Edith Archibald (1854-1936)
Reformer, Suffragette, and Woman of Influence
In April 2001, the Canada Parks and Monuments Board declared Edith Archibald a "person of national historic significance" for her role in the first wave of feminism in Canada. A reformer and woman of influence, Archibald was instrumental in the women’s suffrage movement in Nova Scotia and held several leadership positions in the Local Council of Women of Halifax.
Edith Archibald (1854-1936) was born in St. John’s Newfoundland but raised in New York City, where her father served as the British Consul General. At the age of 20, Edith married her second cousin, Charles Archibald. The couple lived in Port Morien, a small Cape Breton mining village then known as Cow Bay, where Charles managed a coal mining company. They had a large house and property that overlooked the bay, and there raised four children. It was in Cow Bay that Edith became active in the Women’s Christian Temperance Union (WCTU), which, like its sister organizations across the country, campaigned for prohibition and women’s suffrage. In 1892, the Cow Bay WCTU raided three illegal saloons in the area! Edith was also an active member of the provincial and national branches of the WCTU, and devoted herself to the suffrage cause both within and outside that organization.
In 1894, the Archibald family moved to Halifax, where Charles Archibald became a director of the People's Bank (later the Bank of Nova Scotia). Later that year, the Local Council of Women of Halifax (LCWH) was formed. Its first meeting was chaired by the Lady Ishbel, Countess of Aberdeen, from the National Council of Women of Canada (NCWC). Lady Aberdeen described Edith as an "able and wise woman." Edith served as the Council's secretary for the first year, and then Vice President. In 1896, Edith was elected President of the LCWH. Edith was a staunch Protestant, and fought to have the Lord's Prayer recited at the start of Council meetings. This sparked controversy, since the LCWH was open to women of all religions. With no resolution in sight, Edith resigned as president soon after she was elected. Despite the disagreement, Edith returned as president in 1899, and remained in the position until 1905. As president, Edith helped found the Victoria Order of Home Helpers (later Victoria Order of Nurses) in 1897, and between 1910 and 1912, she led the Council's campaign to gain representation for women on the Halifax School Board. Edith was also a leader in the women's suffrage movement in Nova Scotia, working tirelessly for decades to win women the right to vote, which they were grated in 1918.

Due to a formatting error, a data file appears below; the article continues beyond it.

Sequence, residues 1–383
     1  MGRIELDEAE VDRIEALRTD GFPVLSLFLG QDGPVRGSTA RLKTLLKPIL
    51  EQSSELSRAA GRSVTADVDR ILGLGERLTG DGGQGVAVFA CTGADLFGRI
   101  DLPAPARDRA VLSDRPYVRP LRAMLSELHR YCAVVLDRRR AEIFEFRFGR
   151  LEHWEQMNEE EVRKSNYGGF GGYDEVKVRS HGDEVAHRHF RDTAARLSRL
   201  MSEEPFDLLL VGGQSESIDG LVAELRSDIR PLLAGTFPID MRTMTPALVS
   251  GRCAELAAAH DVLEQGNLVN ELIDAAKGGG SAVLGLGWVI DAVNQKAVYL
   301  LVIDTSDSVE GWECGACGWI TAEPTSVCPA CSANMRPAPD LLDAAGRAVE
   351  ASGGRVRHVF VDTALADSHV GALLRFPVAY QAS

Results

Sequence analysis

Edith Archibald was a founding member of the Halifax Ladies' Musical Club, and strongly supported opportunities for women as composers - she herself was a composer of patriotic music. And like all leaders of the LCWH, she threw herself wholeheartedly into the work of the Red Cross Society during the First World War.
After the war, Edith turned her attention to history and literature, writing several books, including a history of the Nova Scotia Branch of the Red Cross. She was active in charity and health reform and played a key role in the establishment of the Halifax Children's Hospital, which later became part of the Isaac Walter Killam (IWK) Hospital.
Edith Archibald died in May, 1936, which made front-page news. Her influence is commemorated by a plaque at the Council House for the Local Council of Women Halifax.